Boston Brass Series BB-1007CD



A recording of the famous 18th Century concertos of Wagenseil and Albrechtsberger, surrounded by duets by Albinoni and Michael Haydn all recorded with orchestra in Symphony Hall in Boston. Featuring, in addition to Ronald Barron, James Sommerville, principal horn of the Boston Symphony in the Haydn, and Darren Acosta of the Boston Pops Orchestra on alto trombone in the Albinoni. Famous trombone soloist and conductor Alain Trudel leads "The New 18th Century Players" which includes members of the Boston Symphony.


Concerto a Cinque Op. 9 No. 9 (1721): Tommaso Albinoni (1671-1751)

Concerto: Georg Christoph Wagenseil (1715-1777)

Concerto (1769): Johann Georg Albrechtsberger (1736-1809)

Concertino in D (1767): Johann Michael Haydn (1737-1806)


The Trombonist, magazine of the British Trombone Society, Spring 2005, pp. 46-47

This is an interesting collection of 18th century instrumental pieces made all the more intriguing for us by featuring the trombone playing of Ronald Barron, principal trombone of the Boston Symphony Orchestra. Mr. Barron has long been a feature in our fraternity as a dedicated and enthusiastic promoter of excellent performances with the Boston Symphony Orchestra and as an indefatigable solo performer.

The evening of nostalgia begins with "Concerto a Cinque" by Albinoni. As the program notes tell us, trumpet players have often adopted these Albinoni concerti, particularly those for solo performers. There being nothing for trombone from the pens of Vivaldi or Albinoni it seems only natural for trombonists to borrow some of them as well. The notes have already told us that these concerti were originally written for oboe, strings and continuo but we are then assured that nothing is changed from the original in this recording except that 'the solo parts are one octave lower'. Whether or not a purist would complain is another matter but as far as we trombone freaks are concerned we are not too shy to adopt whatever seems to work for us. As William Booth reportedly said: "Why should the devil have all the best tunes?"

With the Wagenseil Concerto we are on more secure ground in that it has been credited as having been composed for trombone and it proves itself in these two movements as being eminently effective on our favourite instrument.

The Albrechtsberger Concerto has long been a personal favourite of mine. Listening to it again brought back memories of youthful struggles on an old tenor instrument and then later, helping students to familiarize themselves with a newly acquired alto trombone by using this apparently original composition for that instrument. The composer was Viennese who studied briefly with Beethoven and was highly regarded by Joseph Haydn. His pedigree is amply reflected in the originality and suitability of the way in which he uses the instrument here.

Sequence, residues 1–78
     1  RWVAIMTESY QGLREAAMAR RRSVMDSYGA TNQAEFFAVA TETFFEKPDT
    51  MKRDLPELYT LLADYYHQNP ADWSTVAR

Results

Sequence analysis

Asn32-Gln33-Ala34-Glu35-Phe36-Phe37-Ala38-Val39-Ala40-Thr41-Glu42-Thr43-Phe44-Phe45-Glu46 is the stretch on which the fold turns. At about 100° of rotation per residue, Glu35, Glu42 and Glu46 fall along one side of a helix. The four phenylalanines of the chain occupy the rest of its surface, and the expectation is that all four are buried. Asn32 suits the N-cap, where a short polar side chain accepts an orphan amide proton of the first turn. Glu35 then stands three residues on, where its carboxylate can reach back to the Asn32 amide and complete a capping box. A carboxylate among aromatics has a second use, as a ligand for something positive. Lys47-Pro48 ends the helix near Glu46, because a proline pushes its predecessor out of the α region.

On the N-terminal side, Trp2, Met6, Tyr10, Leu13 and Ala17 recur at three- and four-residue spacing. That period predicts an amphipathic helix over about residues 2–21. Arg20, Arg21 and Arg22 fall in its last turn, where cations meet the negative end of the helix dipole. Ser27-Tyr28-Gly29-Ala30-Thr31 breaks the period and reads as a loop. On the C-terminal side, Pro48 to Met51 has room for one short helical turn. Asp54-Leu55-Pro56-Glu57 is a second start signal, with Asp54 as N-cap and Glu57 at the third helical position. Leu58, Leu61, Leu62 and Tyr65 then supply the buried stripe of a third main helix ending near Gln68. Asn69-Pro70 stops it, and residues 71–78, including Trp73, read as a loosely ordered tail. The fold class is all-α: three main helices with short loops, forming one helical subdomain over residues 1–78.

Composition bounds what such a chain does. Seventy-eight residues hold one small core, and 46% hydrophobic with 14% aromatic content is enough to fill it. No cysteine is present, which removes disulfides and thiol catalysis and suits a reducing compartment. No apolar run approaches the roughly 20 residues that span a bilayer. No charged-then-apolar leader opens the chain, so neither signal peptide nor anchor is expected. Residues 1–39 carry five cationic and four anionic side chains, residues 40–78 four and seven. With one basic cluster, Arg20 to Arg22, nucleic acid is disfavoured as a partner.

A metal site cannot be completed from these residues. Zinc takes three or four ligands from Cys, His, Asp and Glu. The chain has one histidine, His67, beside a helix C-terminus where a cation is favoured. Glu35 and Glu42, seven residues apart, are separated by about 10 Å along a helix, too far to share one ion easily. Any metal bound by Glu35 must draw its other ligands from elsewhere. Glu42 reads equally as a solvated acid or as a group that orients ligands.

The less celebrated younger brother of the great Joseph Haydn, Michael Haydn, is represented in this program by an Adagio and Allegro from the Concertino in D dated 1767. The slow movement shows the instrument to great advantage and the quicker movement dances happily along in a jolly and eminently suitable climax to the 'Evening' but I wonder if the sudden rallentando style used in the cadenzas enhances or detracts from the closing contribution. In either event, the energetically enthusiastic skills of all the performers remain safely intact.

I make no claim to being a historian but perhaps an 'early music' specialist might feel that more effort to recreate the style, sound, and perhaps even the instruments used in the 18th century might have enhanced this brave and interesting venture even more successfully.


International Trombone Association Journal January 2006/Volume 34, Number 1, Page 66


RONALD BARRON, ALTO TROMBONE; Darren Acosta, alto trombone, James Sommerville, horn; New 18th Century Players,  Alain Trudel, conductor.

BOSTON BRASS SERIES BB-1007CD (Boston Brass Series, 18 Turner Terrace, Newtonville, MA 02460; Phone and Fax: 617-965-3957;

Tommaso Abinoni/Franz Giegling: Concerto a Cinque, Op.9, No. 9 in C. Georg Christoph  Wagenseil: Concerto. Johann Georg Albrechtsberger: Concerto. Johann Michael Haydn/James Sommerville: Concertino in D

     AN EVENING FROM THE 18TH CENTURY is the eighth solo recording by Ronald Barron, principal trombonist of the Boston Symphony Orchestra.  This recording, as with his others, is “theme-based,” and includes four concerti written during the 18th century. Two of the four concerti, the Albrechtsberger and Wagenseil, are for solo trombone, while the other two compositions include two soloists. The Albinoni was originally written for two oboes (performed here by two alto trombones), while the Haydn was written for horn and trombone.

     The recording was made in Symphony Hall in Boston, and the recording quality is excellent. The orchestral accompaniment is warm and lively, and the balance between the soloists and ensemble is excellent as well.

     Darren Acosta plays one of the solo parts with Barron on the Albinoni, although it sounds like one person recorded both parts.  Barron and Acosta’s abilities to match timbre, pitch, and style is remarkable.  James Sommerville’s aggressive horn playing in the Haydn Concertino provides a nice contrast to the more mellow sound of the alto trombone, although these sounds often blend together as well.  The New 18th Century Players provide the excellent orchestral accompaniment. All members of the group either perform regularly with the Boston Symphony, or are current or former members.

     Although many trombonists are familiar with the Albrechtsberger and Wagenseil concerti, the inclusion of the rarely recorded Albinoni and Haydn works are reason enough to own this recording.

Hoyt Andres, North Carolina Agricultural and Technical State University